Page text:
Researchers at Georgetown Law say your driver's license photo could be used for a lot more than proof you can get behind the wheel.
"It is surveillance first, ask permission later," said Jake Laperruque of the Project on Government Oversight.
They say for the last five years, agents at the FBI and ICE have scanned millions of images from the Department of Motor Vehicles without anyone's consent.
"ICE is going to several states and saying, 'We want you to take these images, run them through the state DMV databases and scan to see if you can find these people,'" Laperruque said.
Laperruque says not only is this a privacy violation, but it's dangerous for millions of innocent Americans.
"Even if you're just an average Joe in this database who has a driver's license, you could be a target of an ICE or FBI investigation because of a glitchy computer system that decided to throw you at the top of a list of potential suspects," Laperruque said.
It could be impacting undocumented immigrants, too. Twelve states plus D.C. allow them to obtain a driver's license. ICE could use this technology to locate those who are here without papers.
But Laperruque says the software isn't as trustworthy as other modes of identification like fingerprinting.
"Because facial recognition doesn't have rules, it's really a wild west in terms of how it works. We don't know if they'll do a careful, deliberate process," Laperruque said. "If you're not following it up with proper investigative techniques, proper oversight, it's going to cause problems. If this is a tool that's important for investigations, I'd like to see evidence for that. You need independent oversight."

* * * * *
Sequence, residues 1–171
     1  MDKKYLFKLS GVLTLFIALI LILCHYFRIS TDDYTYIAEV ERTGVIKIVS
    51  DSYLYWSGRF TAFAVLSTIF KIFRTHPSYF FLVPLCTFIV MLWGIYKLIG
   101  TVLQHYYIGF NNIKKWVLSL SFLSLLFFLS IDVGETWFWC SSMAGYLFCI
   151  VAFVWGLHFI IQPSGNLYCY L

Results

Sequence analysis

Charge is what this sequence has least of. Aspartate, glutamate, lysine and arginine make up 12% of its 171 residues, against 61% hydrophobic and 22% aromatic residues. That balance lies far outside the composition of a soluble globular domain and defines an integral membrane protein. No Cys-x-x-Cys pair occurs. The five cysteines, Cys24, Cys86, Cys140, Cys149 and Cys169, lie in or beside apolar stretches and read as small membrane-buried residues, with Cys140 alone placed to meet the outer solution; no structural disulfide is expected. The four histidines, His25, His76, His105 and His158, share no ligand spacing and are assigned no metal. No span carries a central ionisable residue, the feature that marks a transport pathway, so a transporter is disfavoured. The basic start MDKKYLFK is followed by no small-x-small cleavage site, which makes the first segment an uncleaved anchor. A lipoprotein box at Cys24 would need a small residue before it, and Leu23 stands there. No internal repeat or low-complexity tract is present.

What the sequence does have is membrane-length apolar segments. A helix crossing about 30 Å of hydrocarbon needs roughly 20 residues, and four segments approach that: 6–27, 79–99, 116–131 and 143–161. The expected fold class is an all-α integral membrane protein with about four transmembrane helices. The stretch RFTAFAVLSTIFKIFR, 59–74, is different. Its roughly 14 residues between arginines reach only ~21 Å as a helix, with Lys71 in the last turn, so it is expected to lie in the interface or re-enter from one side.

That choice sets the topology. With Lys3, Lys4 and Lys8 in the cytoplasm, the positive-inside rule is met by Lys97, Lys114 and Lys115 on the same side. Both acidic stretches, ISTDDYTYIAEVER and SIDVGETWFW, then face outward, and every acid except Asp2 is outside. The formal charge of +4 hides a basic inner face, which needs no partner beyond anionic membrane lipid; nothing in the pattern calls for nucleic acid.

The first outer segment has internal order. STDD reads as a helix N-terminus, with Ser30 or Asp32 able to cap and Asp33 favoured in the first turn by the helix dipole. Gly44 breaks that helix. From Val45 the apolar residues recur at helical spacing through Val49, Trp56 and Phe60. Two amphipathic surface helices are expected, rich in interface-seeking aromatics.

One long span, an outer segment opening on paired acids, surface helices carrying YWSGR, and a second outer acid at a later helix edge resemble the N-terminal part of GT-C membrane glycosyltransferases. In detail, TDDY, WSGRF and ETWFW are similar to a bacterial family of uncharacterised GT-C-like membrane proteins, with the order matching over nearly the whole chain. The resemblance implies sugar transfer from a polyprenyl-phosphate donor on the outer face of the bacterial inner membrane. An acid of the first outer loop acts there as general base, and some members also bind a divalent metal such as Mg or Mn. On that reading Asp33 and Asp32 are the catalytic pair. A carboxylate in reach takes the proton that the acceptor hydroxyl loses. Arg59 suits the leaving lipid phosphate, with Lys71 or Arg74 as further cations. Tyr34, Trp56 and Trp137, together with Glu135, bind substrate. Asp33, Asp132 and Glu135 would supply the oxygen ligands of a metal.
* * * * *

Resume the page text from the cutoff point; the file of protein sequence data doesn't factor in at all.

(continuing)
Congress is looking at creating some oversight. It's an issue both Republicans and Democrats are concerned about. Right now, 21 states and D.C. allow these searches.
"This is going to be, in effect, constant disclosure of what the heck you're up to," said Republican Rep. Jim Jordan.
Laperruque says state and local governments should also consider creating their own regulations on facial recognition. Right now, The Washington Post reports only San Francisco and Somerville, Massachusetts, have "banned their police and public agencies from using facial-recognition software, citing concerns about governmental overreach and a breach of public trust."